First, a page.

The baby boys of bethlehem who were put to death by King herod the Great after the Magi's visit to the Infant Jesus (Mt 2:16–18). Study of the Innocents has often been more poetical and imaginative than factual. The interest of the past has been chiefly to amass greater detail about the Innocents. Attempts have been made to date the episode accurately, but these have been of little value, since the date of Christ's birth is itself a matter of speculation. Various efforts have been made, based on the probable population of Bethlehem at Our Lord's birth, to
determine the number of children involved. Estimates range from 10 or 12 (A. Bisping, P. Shegg) to an obviously exaggerated 64,000 (Syrian Liturgy) to a fantastic 144,000 (based on Rv 14:1–5, part of the Epistle of their feast).
The slaughter described in Mt 2:16–18 is not mentioned in any other source; it is notably absent in the works of Josephus. D. F. strauss and other scholars have, therefore, questioned the historicity of the episode. The argument from silence is, at best, unconvincing. The very character of Herod suggests a reason for the silence. In the records of a king responsible for many deaths, including those of his beloved wife and his own sons, the slaughter of the Innocents (if estimates are kept within reason) would be relatively insignificant.
On the other hand, attempts, such as E. Stauffer's, to prove the historicity of the event are likewise unconvincing. A growing number of modern scholars question the historical character of the Innocents' story because of its relation to such midrashic elements as the star of Bethlehem and the Magi [see magi]. If, for example, one considers the visit of the Magi a legendary amplification, one would almost be forced to judge the story of the Innocents in the same way.
Modern scholars are inclined to regard the entire in fancy gospel as a literary form related to midrash. Emphasis is placed, not so much on the isolated individual elements, as on their theological significance in the Christ story. It seems strongly probable that Matthew wished to present three basic themes in his Infancy narrative: Jesus is the new Moses; Jesus is true wisdom; Jesus is the new Israel. The last theme seems dominant. If this is true, a striking case can be made that, in the story of the Innocents, Matthew has been inspired by a midrash on Dt 26:5–8. According to the midrash, Laban the Aramaean sought to destroy Jacob (Israel) and his entire family; this attempt was later considered an effort to prevent the coming of the Messiah. Herod the Idumean, in his slaughter of the Innocents, represents Laban's oppression of Jacob-Israel and renews the attempt to prevent the coming of the Messiah. This comparison of Laban and Herod that is brought about by attributing to Herod a slaughter of the Innocents invites a comparison between Christ and Jacob. Implicitly, Christ is presented as the new Jacob-Israel, the bearer of messianic hope. Once the Jesus-Israel theme is established, Jacob's wife Rachel becomes an apt mourner and serves to underline the comparison once again. Especially is this true when one realizes that the prophecy of Jeremiah (Jer 31:15) to which Matthew refers opens with reference to the tragedy of the Exile (originally that of the Northern Kingdom and then extended to that of the Southern Kingdom) but continues with a description of restoration that is realized fully only in the coming of the Messiah. Seen in this setting, the episode of the Innocents, whether historical or not, contributes to the unfolding of the Jesus-Israel theme and helps one understand the role of Jesus, the new Israel, who will definitively establish the new people of God.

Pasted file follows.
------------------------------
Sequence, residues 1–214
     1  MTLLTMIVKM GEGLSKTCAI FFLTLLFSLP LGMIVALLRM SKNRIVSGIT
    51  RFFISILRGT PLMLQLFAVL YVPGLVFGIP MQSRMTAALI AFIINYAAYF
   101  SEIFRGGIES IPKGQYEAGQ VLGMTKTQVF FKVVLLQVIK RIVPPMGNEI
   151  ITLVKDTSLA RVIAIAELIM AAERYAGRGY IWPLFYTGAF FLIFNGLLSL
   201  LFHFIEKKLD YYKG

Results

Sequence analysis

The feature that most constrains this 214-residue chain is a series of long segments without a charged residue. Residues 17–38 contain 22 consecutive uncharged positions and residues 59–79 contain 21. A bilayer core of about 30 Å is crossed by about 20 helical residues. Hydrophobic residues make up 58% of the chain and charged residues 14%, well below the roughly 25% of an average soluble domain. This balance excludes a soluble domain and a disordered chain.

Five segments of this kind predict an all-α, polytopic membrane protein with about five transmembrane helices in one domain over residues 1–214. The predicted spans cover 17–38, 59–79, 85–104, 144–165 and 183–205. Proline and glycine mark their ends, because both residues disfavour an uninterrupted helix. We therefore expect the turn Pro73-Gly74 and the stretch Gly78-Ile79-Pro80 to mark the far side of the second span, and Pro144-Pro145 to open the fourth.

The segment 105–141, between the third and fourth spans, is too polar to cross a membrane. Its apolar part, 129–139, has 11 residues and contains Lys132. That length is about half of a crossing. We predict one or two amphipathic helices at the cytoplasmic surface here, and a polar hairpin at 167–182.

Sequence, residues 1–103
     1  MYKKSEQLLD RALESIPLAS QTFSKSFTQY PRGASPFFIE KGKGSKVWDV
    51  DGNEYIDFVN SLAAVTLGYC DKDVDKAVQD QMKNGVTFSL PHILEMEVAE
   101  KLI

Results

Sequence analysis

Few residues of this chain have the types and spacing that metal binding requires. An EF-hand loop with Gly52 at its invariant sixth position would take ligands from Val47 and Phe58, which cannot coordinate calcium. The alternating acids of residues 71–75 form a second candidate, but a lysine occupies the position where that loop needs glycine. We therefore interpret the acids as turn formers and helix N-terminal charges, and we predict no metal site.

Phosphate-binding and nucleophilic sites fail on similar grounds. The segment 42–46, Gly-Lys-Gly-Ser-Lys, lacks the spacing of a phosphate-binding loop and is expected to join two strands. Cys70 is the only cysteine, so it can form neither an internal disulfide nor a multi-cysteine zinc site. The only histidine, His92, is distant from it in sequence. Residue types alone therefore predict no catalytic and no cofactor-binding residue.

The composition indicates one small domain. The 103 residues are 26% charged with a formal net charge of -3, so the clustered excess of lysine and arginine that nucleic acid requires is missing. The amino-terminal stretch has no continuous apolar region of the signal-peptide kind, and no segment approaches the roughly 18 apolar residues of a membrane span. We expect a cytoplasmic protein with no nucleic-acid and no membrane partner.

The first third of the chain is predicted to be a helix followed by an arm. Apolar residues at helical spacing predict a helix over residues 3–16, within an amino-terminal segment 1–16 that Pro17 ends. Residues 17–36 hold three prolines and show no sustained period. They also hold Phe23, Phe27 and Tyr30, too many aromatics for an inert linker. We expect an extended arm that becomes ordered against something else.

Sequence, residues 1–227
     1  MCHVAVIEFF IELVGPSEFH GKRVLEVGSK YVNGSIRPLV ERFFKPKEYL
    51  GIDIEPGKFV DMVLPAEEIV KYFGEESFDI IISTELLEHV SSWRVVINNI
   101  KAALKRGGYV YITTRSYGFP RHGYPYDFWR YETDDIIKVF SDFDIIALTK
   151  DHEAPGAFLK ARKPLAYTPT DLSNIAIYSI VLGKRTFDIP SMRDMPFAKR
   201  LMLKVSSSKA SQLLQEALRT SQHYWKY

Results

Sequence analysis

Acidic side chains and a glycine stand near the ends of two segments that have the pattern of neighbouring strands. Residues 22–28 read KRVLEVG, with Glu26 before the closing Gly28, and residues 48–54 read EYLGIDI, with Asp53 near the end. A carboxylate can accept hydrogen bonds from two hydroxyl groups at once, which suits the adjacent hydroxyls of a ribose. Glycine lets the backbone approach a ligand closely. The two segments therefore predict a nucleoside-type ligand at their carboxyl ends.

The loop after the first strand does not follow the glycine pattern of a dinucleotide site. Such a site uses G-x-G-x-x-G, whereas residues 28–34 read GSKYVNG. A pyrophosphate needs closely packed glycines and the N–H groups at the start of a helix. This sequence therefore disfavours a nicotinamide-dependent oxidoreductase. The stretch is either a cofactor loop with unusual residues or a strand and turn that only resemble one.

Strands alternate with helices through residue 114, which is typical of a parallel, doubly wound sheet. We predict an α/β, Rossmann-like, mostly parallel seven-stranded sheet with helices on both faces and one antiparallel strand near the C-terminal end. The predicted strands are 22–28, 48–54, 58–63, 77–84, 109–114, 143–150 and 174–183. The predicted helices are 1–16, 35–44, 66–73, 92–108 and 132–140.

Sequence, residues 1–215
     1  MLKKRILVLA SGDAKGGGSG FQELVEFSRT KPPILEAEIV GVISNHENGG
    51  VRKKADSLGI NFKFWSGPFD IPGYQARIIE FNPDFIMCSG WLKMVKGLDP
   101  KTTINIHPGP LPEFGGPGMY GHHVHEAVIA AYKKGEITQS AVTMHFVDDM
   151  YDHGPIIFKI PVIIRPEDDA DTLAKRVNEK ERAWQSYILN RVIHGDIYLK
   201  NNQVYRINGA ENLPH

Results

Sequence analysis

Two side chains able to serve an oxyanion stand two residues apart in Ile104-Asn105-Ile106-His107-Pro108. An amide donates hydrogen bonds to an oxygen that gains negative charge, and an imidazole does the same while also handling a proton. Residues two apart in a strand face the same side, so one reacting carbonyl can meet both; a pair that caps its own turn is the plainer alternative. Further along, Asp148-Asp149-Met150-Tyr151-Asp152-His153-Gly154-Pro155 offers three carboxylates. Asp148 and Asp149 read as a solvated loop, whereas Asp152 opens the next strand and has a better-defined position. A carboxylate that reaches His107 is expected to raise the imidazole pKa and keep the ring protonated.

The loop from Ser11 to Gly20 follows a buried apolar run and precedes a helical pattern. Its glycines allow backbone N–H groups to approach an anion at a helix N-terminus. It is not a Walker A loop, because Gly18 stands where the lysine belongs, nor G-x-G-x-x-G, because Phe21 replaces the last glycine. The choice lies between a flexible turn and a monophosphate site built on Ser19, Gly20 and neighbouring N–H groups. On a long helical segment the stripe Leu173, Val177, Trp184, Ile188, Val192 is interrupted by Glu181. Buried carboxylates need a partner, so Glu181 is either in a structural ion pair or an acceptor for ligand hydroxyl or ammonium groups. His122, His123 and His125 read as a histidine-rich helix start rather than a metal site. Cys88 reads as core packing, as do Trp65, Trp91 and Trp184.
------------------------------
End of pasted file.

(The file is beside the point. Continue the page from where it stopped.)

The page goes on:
The Feast of the Holy Innocents was celebrated in the West as early as the 5th century. It was placed on December 28 in order to bring it close to Christmas. In Christian iconography the earliest representatives of the massacre of the Holy Innocents date from the 5th century, such as on the mosaic arch in the basilica of Santa Maria Maggiore, Rome, and on an ivory Gospel cover now in the cathedral of Milan. In the Middle Ages representations of the scene were common, especially as miniatures in illuminated Gospels.
Bibliography: m. m. bourke, "The Literary Genus of Matthew 1–2," The Catholic Biblical Quarterly 22 (1960) 160–175. d. daube, "The Earliest Structure of the Gospels," New Testament Studies 5 (1958–59) 174–187. a. durand, The Gospel according to Matthew (Milwaukee 1957) 18–20. u. holzmeister, "Quot pueros urbis Bethlehem Herodes rex occiderit," Verbum Domini 15 (1935) 373–379. j. michl, Lexicon für Theologie und Kirche, (Freiburg, 1957–66) 2:313. k. hofmann, Lexicon für Theologie und Kirche, (Freiburg, 1930–38) 10:415–416. f. g. holweck, CE 7:419. l. rÉau, Iconographie de l'art chrétien (Paris 1955–59) 2.2:267–270.
[e. j. joyce]